She had large bold eyes, a strong mouth. You would not have suspected her of being shy, but she was. She was very smartly dressed, fur coat, jewellery, fancy shoes. I took her into the school office and left her signing up. I went on up to the studios.
"Who?" I was asked and nudged by students.
"New boarder at my place."
Adda frowned, she had never approved of my boarding house--too big, too mixed. Adda was an only boarder and only sure about places that were "Momma-approved". Suddenly she had a thought. Diving into her pocket she brought out a letter.
"Momma is coming!" she said. "Brother is taking a course at Berkeley University; Momma and sister are coming along; I will join them. We shall rent a house in Berkeley. I’ve given notice. Why not take my room? Shall I ask them to save it for you?"
"No, thanks, I am very well where I am."
Adda said no more. She watched Ishbel but refused to meet her.
In the evenings I practised on my guitar. There was a tap on my door and there was almost pleading in Ishbel Dane’s voice as she said, "Come to my sitting room and have a cup of tea with me?"
I went wondering. We had not got to know each other very well. We were in different studios at School. My "grandmother guardians" in the boarding house advised of Ishbel Dane, "Not your sort my dear." Having found they could not direct my clothes they were extra dictatorial over my morals. I resented it a little, though I knew they meant well. They were very cool to Ishbel, confined conversation to the weather. All they had against the girl was her elegant clothes--she overdressed for their taste.
Ishbel had made her sitting room very attractive--flowers, books, cushions, a quaint silver tea service which she told me had been her mother’s. She saw my eyes stray to a beautiful banjo lying on the sofa.
"Yes, I play. I belong to a banjo, mandolin and guitar club. Wouldn’t you like to join? It helps one. I have learnt ever so much since I practised with others."
I said slowly, "I’ll think." I knew the old grandmothers, the landlady’s daughter and Adda would disapprove. When I left, Ishbel took my hand.
"Come again," she said. "It’s lonely. My mother died when I was only a baby; Father brought me up. Father’s friends arre allllll men, old and dull. A few of them have lookeed me up for Father’s sake. Father is in the South."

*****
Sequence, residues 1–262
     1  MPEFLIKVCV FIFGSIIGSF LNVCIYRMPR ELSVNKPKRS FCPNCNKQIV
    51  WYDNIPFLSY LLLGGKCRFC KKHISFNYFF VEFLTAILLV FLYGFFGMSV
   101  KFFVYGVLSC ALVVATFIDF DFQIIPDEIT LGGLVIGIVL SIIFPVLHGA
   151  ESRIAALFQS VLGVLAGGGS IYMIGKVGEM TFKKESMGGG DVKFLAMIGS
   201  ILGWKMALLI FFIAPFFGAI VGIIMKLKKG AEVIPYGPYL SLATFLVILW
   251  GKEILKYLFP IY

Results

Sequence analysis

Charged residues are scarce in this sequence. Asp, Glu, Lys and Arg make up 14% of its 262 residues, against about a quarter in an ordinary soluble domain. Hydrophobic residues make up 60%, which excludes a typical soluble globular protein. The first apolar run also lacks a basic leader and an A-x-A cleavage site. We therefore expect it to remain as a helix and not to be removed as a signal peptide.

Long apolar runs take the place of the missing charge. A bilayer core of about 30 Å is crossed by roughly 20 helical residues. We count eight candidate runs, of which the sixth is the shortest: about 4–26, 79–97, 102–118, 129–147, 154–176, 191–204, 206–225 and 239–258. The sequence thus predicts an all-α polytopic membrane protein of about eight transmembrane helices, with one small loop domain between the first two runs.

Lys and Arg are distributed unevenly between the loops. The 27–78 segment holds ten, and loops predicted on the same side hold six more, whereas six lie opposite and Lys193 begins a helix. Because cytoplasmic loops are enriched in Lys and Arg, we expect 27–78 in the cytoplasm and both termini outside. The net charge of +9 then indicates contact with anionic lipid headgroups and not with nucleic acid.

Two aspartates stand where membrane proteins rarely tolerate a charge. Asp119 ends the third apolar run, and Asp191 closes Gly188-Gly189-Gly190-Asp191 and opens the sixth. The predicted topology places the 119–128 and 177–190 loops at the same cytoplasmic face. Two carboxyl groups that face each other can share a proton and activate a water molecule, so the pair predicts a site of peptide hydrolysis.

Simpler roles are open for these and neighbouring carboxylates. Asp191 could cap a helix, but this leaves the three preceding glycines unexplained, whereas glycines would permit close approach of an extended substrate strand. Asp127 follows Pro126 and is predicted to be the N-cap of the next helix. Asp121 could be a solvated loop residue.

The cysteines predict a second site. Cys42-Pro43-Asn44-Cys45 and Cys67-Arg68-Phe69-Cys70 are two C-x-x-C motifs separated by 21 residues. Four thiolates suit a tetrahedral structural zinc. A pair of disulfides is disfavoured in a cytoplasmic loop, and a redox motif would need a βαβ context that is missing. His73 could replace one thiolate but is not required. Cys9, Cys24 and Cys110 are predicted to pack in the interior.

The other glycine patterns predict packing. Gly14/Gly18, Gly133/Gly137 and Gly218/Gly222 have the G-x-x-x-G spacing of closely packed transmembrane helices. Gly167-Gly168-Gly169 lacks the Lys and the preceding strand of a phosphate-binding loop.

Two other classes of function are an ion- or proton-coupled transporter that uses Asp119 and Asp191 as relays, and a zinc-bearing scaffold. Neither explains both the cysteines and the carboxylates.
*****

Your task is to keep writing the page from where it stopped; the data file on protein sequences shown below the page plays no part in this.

I joined tthe practice club. My friendship with Ishbel warmed while the old ladies’ affection chilled towards me. Adda was actively distressed. She moved to Berkeley. Her last shot as she started for her new home was, "My old room is still vacant."
Trouble was in her eyes, anxiety for me, but I liked Ishbel and I knew Ishbel and I knew my friendship meant a lot to her.
I had to go to the music studio for some music. The Club leader was giving a lesson. He shut his pupil into the studio with her tinkling mandolin, followed me out onto the landing. As I took the roll of music from him he caught me round the wrists.
"Little girl," he said, "be good to Ishbel, you are her only woman friend and she loves you. God bless you!" His door banged.
I a woman’s friend! Suddenly I felt grown up. Mysteriously Ishbel--a woman--had been put into my care. Ishbel was my trust. I went down stairs slowly, each tread seemed to stretch me, as if my head had remained on the landing while my feet and legs elongated me. On reaching the pavement I was grown up, a woman with a trust. I did not quite know how or why Ishbel needed me. I only knew she did and was proud.
While I was out a letter had come. I opened it. My guardian thought I had "played at Art" long enough. I was to come home and start Life in earnest.
Ishbel clung to me. "Funny little mother-girl," she said, kissing me. "I am going to miss you!"
A man’s head was just appearing over the banister rail. She poked something under my arm, pushed me gently towards my own room. A great lump was in my throat. Ishbel was the only one of them all who hadn’t wanted to change some part of me--the only one who had. Under my arm she had pushed a portrait of herself.
I came home one week before Christmas. The house was decorated, there was some snow, fires crackled in every grate of every room, their warmth drew spicy delight from the boughs of pine and cedar decorating everywhere. There were bunches of scarlet berries and holly. The pantry bulged with good things already cooked. In the yard was something for me, something I had wanted all my life, a dog!
They were glad to have me home. We were very merry. All day the postman was bringing cards and letters; flitter, flitter, they dropped through the slit near the front door and we all darted crying, "Whose? whose?"
I got my full share but there were two disappointments--no letter from Nellie McCormick, none from Ishbel Dane. New Year passed before I heard of either.
Adda wrote, "Nellie McCormick could endure home tyranny no longer, she shot herself."
From the boarding house one of the grandmothers absolutely sniffed in writing, "Ishbel Dane died in the ‘Good Samaritan’ hospital on Christmas Eve. Under the circumstances, my dear, perhaps it was best."
Nellie my friend! Ishbel my trust!
I carried my crying into the snowy woods. The weather was bitter, my tears were too.
Introduction by Robin Laurence
Foreword by Ira Dilworth
Drawing and Insubordination
The Outdoor Sketch Class
Nellie and the Lily Field
Difference Between Nude and Naked
Sisters Coming--Sisters Going
Back to Canada
Love and Poetry
The Voyage and Aunt Amelia
Aunt Amelia’s PG House
Letters of Introduction
Westminster Abbey--Architectural Museum
Leaving Miss Green’s--Vincent Square
Pain and Mrs. Radcliffe--The Vicarage
Kicking The Regent Street Shoe-Man
Are You Saved?
My Sister’s Visit
The Radcliffes’ Art and District Visiting
The Other Side of Life
Seventieth Birthday and A Kiss For Canada
The Book of Small